Rainn Wilson, surely known best (to anyone not having spent the past few years literally sewn up within a sturdy burlap sack at the bottom of a vast and unfeeling sea — with limited television access) as “Dwight” from the Stateside Office, is here Robert Fishman (“Fish,” familiarly), dead-eyed tech-support functionary, hibernating glam-rock leviathan. Ousted years back from now-legendary (and sadly, fictional) outfit Vesuvius, Fish seems destined to live out his years à la post-op McMurphy, docilely trading the last flickering remnants of his Spandexed soul for a paycheck.
Until, that is, things go from bad to worse, he loses his job, and he’s forced to move in with his tsk-tsking sister (the always-worth-watching Jane Lynch), whose high-schooler son Matt just happens to have a band with some friends. In short order, the kids find themselves in need of a drummer, Fish obliges, and following a (surprisingly) not-all-that-farfetched chain of events, the foursome have hit the road a signed act.
Now, I approached The Rocker with cautious optimism. And indeed, there are some hitches. The humor is occasionally a bit uneven: There’s a clunker every so often, particularly early, as the story is warming up. And while, much to Wilson’s credit, you don’t have a significant Schrute-centric thought beyond the first few minutes, the role doesn’t quite seem a glove-perfect fit for the actor at every point. The man behind the Fish gets his laughs; don’t misunderstand, but he’s capable of subtler fare than the slapstick to which he is largely relegated here.
What both Wilson and the film do rather nail, on the other hand, is the story’s heart — which, along with Chad Fischer’s eons-better-than-they-needed-to-be original songs for faux-rockers A.D.D. (Fish and the kids’ unit) and Vesuvius, holds things together nicely and allows us to forgive missteps.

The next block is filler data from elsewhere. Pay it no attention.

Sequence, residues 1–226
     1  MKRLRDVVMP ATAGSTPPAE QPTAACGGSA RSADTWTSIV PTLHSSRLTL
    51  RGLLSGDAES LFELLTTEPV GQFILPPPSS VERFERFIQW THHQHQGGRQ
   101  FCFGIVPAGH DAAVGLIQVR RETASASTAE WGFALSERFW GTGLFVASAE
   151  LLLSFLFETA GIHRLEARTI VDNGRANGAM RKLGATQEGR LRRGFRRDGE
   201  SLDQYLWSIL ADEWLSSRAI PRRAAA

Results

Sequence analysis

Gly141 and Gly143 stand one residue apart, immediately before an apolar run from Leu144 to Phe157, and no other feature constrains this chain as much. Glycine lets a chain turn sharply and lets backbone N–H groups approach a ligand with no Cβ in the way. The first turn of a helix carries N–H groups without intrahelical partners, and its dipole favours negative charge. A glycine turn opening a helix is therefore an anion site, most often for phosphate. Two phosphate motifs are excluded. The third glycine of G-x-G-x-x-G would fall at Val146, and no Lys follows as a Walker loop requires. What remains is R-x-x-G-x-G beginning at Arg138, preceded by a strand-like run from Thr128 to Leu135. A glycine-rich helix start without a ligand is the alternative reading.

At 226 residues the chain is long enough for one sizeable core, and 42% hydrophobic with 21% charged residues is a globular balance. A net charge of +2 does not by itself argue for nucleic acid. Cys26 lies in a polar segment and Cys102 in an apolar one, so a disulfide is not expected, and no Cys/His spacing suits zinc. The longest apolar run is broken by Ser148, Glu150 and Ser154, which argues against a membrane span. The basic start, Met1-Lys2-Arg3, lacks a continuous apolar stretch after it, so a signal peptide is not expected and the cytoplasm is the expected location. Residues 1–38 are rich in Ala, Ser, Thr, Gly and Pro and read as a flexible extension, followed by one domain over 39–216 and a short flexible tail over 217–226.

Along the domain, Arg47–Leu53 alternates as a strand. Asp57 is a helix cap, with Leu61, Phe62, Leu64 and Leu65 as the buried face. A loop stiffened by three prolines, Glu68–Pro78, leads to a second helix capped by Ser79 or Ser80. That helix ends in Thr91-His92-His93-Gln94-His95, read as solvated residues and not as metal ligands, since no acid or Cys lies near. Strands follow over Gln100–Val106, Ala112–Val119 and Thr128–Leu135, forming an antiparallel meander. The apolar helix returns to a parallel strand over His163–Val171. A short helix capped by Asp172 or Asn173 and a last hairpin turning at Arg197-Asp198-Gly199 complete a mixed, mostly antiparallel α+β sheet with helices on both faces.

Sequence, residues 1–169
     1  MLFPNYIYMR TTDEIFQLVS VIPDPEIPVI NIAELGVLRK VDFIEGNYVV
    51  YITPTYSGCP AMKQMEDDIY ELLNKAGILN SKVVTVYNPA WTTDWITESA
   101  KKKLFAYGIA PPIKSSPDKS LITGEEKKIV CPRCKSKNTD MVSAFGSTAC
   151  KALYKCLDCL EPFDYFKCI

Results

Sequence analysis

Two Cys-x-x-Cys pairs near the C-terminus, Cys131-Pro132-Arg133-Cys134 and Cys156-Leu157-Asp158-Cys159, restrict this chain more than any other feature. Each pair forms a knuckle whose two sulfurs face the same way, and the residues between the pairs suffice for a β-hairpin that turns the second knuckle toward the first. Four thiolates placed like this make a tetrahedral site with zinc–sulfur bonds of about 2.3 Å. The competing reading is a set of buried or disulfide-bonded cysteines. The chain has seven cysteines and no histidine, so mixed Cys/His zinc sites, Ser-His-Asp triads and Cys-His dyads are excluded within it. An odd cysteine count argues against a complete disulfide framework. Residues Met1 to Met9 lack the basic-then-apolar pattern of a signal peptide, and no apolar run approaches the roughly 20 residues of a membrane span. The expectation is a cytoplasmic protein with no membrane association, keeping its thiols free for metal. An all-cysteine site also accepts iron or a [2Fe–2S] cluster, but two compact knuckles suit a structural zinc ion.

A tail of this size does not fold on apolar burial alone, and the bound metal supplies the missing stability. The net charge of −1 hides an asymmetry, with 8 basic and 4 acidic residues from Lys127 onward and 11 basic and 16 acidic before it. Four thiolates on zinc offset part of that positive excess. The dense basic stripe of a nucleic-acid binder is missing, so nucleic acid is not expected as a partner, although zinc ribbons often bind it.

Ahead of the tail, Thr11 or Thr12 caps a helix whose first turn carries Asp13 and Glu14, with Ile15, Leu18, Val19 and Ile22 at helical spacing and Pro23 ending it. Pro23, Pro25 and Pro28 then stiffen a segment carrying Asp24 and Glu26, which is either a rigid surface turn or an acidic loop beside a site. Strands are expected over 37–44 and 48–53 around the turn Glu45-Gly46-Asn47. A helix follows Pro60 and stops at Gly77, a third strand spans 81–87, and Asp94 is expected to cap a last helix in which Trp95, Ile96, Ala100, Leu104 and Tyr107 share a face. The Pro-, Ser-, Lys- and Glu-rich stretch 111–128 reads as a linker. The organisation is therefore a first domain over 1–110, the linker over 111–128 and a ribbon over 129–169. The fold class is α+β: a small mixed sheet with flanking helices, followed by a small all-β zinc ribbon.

The cast as a whole, in fact, is unusually strong. The kids more than hold their own: Stone is sharp-tongued-but-sweet, Gad is winsomely twitchy and naturalistic, and Geiger can sing his big dreamy peepers off. Meawhile, Sudeikis, a much-underrated talent, absolutely kills (a certain not-for-everyone John Lennon crack by his unctuous music-agent character made me lose it louder than any other single line I’ve heard this year). Even some of the much-smaller supporting roles are noticeably well-written and/or -performed: Jeff Garlin’s vicarious-thrill-seeking brother-in-law, and standup standout Demetri Martin’s fiendishly funny music-video director come easily to mind. And faith: There’s just something about the sight of Arnett, Armisen (also vastly underappreciated), and Cooper in full if-Poison-threw-up-on-Mötley-Crüe regalia that makes me giggle uncontrollably. (Further, keep eyes peeled for what might be the most sporting cameo of all time, by Pete Best. Blink and you’ll miss him. I did.)
I don’t know if everyone’ll love The Rocker, but I’m sticking by this one. I saw it at the peak of a stressful week, and it did the trick wonderfully (the first scene is one of the most enjoyable and exuberantly silly bits in recent memory). It is, to paraphrase one character’s take on Wilson’s titular man-child, “sloppy, stupid, and loads of fun.”
And seriously: I dare you not to (at least kind of) like the music. •